He lost his wife to the Sudden Departure. He lost his church to the Guilty Remnant that formed in its wake. Still, Rev. Matt Jamison thinks he’s got it all figured out. Dragged in for questioning over the brutal murder of Gladys, a GR who’d stood her silent smoky vigil around him for months, his only thought is to pray for her. Sure, he knows for a fact that he’s not guilty, but that’s beside the point. Not only did he not murder a member of the cult that stole his church out from under him, he believes there’d be no point. As he tells Chief Garvey, “They’re already dead.” That’s his mistake. You’d think a man devoted to a martyred messiah would see this, but no matter how nihilistic or ascetic the cult in question might seem, death in its service is what makes its members feel most alive. “Gladys,” an episode named after the woman who is stoned to death in horrifying detail during its opening minutes, makes this point with real emotional and intellectual power.
“I don’t understand your faith,” the Reverend tells the Guilty Remnant when he comes to their houses to pray for Gladys. “But I understand commitment, and I respect it.” His understanding and respect are undermined in the very next sentence, though: “But we are all of us, no matter how we’ve suffered, still alive.” As if they didn’t know! Rev. Jamison believes that by stripping away their friends, families, clothes, voices, even their health, they’ve cut themselves off from life itself. But to the GR, these acts of sacrifice are living. Whether they’ve chosen the slow-motion martyrdom of chainsmoking or had the fast track of stoning chosen for them like Gladys did, their sacrifices have made their individual lives literally the only thing they have to give anymore. What could be more valuable?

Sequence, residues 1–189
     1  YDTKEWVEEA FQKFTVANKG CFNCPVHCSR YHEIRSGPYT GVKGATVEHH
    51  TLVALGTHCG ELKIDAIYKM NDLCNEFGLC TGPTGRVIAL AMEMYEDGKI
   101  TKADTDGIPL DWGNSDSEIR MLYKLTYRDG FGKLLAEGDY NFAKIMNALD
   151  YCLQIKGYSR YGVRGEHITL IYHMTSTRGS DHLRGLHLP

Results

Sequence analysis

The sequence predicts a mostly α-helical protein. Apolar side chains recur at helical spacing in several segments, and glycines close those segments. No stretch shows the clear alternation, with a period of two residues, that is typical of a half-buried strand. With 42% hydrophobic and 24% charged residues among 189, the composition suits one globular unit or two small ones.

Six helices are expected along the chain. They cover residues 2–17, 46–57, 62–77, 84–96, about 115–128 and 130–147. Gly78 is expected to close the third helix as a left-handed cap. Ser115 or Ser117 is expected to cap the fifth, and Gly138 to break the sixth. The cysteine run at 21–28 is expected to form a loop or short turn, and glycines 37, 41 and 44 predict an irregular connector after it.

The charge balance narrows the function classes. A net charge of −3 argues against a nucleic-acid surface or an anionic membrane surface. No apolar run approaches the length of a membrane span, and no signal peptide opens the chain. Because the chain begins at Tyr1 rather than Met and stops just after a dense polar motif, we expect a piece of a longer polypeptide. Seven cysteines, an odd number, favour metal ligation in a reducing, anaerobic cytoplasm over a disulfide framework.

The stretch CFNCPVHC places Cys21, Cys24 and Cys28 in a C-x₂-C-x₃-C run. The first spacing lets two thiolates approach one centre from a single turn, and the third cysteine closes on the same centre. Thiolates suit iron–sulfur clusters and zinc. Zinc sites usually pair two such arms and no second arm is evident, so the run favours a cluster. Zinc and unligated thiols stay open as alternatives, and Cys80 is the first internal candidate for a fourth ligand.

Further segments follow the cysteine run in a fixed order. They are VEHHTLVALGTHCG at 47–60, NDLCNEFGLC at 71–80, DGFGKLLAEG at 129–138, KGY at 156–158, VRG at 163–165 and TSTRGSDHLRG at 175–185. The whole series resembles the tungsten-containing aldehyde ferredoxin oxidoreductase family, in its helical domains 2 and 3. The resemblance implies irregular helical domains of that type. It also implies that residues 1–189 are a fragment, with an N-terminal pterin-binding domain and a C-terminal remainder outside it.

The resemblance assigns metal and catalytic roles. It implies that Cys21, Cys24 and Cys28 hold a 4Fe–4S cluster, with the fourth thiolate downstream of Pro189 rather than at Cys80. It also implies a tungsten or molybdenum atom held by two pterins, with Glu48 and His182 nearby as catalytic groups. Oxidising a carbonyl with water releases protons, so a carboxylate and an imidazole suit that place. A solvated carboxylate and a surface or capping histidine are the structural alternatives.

The episode itself implicitly sides against Rev. Jamison in this matter long before he even shows up. In its harrowing, unflinchingly gruesome stoning of Gladys, it forces us to witness every blow, every terrifying and disorenting moment of her abduction, every vulnerable and humiliating moment of her execution. Violence and gore on film are often held up as crass and dehumanizing — many examples of these things often are. But when done properly, their repulsive spectacle is as humanistic as filmmaking can get: This is how vulnerable we are as humans, and this is how incredibly wrong it is to exploit that vulnerability. In this sequence, The Leftovers sees Rev. Jamison’s claim that the GR are “already dead” and preemptively calls bullshit.
But it’s not just the value of life that martyrdom highlights – the martyr’s unique philosophy about life gets its shot at the spotlight as well. Such is the circular logic of martyrdom’s emotional appeal: If you are willing to die for something, you must have found something worth dying for, right? Whether it’s faith, family, country, or love, your devotion to that something is inarguable – and that’s the kind of connection, real and true and deep and meaningful, that everyone searches for in a world where such connections are so frequently shattered. That the GRs voluntarily did much of that shattering to themselves is immaterial. They found something that gave them meaning amid the meaninglessness, something so meaningful they’re willing to die for it as a demonstration.